Culture

Wendy Ponca designs Pendleton blanket for the Osage Foundation

Pendleton blankets, a daily necessity and luxury for Osages dating back to the early 1900s, are now only worn for special occasions, In-Lon-Schka and for giveaways. 

Wendy Ponca, renowned Osage artist and clothing designer, completed her design for a limited edition Pendleton blanket for the Osage Nation Foundation in hopes to raise money for the nonprofit and its many community-based programs and camps.

The blanket is called “Hunka,” meaning Earth People in the Osage language. The base color of the blanket is black, with red, green, blue and yellow ribbon work with a saw-tooth edge running down the sides and the middle. Patterns of red hands run down the sides, making for a very colorful effect on top of the black.

“We are very excited about the Pendleton blanket Wendy Ponca has designed for the Foundation,” said Osage Nation Foundation Executive Director Bill Webb. “We were fortunate to have someone with Wendy’s talent that we were able to commission for the piece. It is a beautiful design and as a limited edition it will create an exceptional keepsake. The demand has been very strong already so we are very likely to sell out very quickly.”

The Foundation will have 250 of the blankets made, including a tag to commemorate the number of the blanket a person owns. The blanket is a standard sized Pendleton, which measures 60 by 80 inches. The front and back design is the same on both sides and when the top half is folded down, the hands will all be in the same position facing up when worn, Ponca said.

The weaving processes at Pendleton Woolen Mills have automated looms; the colors become muted where there are more than two colors being woven horizontally. This is the reason she chose to use the same pattern on the back and the front of the blanket, she said. The blanket will have the brightest and truest colors.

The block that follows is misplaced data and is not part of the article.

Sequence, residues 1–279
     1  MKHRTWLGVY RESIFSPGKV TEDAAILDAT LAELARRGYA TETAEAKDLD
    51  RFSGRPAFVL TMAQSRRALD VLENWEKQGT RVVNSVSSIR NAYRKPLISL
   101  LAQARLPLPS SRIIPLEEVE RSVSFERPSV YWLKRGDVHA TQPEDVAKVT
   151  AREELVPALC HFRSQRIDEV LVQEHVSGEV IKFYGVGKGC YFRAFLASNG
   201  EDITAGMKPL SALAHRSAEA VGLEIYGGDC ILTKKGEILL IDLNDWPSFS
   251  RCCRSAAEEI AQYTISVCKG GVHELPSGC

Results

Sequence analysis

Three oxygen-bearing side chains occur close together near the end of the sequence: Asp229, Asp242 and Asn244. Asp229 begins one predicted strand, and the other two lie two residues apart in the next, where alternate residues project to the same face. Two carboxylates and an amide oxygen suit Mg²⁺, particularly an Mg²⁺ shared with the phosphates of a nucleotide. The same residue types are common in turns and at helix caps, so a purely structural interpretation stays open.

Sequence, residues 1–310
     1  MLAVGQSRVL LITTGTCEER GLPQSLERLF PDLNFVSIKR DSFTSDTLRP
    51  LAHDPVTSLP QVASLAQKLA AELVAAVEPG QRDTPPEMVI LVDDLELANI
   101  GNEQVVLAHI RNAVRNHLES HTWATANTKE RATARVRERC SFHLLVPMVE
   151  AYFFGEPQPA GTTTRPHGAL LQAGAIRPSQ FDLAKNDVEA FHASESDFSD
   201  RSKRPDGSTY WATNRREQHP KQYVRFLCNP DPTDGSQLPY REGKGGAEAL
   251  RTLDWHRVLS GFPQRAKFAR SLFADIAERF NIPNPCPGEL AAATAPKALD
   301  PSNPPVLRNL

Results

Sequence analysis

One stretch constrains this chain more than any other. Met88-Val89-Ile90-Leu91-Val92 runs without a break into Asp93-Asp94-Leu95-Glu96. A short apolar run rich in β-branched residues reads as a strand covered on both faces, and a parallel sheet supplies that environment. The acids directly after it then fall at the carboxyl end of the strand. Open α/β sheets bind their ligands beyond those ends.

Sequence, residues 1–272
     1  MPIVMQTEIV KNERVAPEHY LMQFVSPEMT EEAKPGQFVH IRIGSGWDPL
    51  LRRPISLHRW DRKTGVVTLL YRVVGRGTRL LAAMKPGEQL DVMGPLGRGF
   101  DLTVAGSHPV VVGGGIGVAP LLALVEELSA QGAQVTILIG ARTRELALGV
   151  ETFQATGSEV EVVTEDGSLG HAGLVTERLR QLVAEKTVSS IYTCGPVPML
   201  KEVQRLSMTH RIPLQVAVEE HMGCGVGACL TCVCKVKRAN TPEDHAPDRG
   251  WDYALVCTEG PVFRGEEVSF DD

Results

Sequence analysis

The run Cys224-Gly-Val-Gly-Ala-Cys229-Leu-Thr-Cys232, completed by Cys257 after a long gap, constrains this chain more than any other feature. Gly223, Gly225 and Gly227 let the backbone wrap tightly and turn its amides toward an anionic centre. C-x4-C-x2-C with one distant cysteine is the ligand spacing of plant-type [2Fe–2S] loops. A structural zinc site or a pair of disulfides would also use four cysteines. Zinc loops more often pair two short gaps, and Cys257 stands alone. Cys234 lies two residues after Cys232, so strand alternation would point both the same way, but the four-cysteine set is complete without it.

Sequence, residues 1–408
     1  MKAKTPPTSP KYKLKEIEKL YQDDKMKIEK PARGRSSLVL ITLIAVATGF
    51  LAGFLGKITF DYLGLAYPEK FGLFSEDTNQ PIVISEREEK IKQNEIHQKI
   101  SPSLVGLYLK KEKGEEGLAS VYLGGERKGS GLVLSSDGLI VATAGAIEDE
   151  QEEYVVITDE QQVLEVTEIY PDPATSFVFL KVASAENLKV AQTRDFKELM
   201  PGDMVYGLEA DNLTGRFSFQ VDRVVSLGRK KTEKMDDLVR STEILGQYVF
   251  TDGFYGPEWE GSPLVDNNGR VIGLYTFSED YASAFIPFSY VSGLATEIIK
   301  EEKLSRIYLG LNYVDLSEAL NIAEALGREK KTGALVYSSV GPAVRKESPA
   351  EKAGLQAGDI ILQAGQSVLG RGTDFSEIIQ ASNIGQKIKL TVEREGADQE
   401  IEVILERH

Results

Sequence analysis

“I have ideas for the next blanket, if the opportunity should arise for another nonprofit, called the ‘Tzi-Zho,’ meaning Sky People,” Ponca said. “I only want to design these blankets for nonprofits.”  

The Hunka blankets will arrive in late April or early May and may be purchased on the Foundation’s website at http://www.osagefoundation.org/. The Foundation will ship the blankets immediately upon ordering, Webb said. The Foundation can communicate through Facebook, email and phone to those who have reserved blankets.

Pendleton Designer

Ponca was asked in 1996 to design a Pendleton blanket for the American Indian College Fund for their Hope Series. The blanket was called “Wah Sha She.” The blanket was also a limited edition, producing only 1,200.

Ponca has permanent artwork displayed at the Philbrook Museum, LA County Museum, Institute of the American Indian Arts and the Smithsonian’s National Museum of the American Indian.

She sells pieces of her art in museum gift shops in the Peabody Essex Museum, Portland Art Museum, Philbrook Museum, and NMAI throughout the year.

She currently is participating in the art show Native Fashion Now featuring her designs for her Earth and Sky people wedding clothes. The show began at the Peabody Essex Museum in November 2015 and lasts until the end of this month. The show will travel to Portland Art Museum on June 4 and run until Sept. 5. Next it will travel to the Philbrook Museum of Art in Tulsa from Oct. 2 – Jan. 15, 2017. The show’s last stop will be at the NMAI in New York in late February 2017.

Ponca is a graduate of the Institute of American Indian Arts in Santa Fe, N.M., the Kansas City Art Institute, and Southwestern College in Santa Fe. Her art career has included being the director of development at the National Indian Monument & Institute in Jenks, Okla., an art instructor at University of Las Vegas, Nev., and a professor of Fiber Arts and Design at IAIA.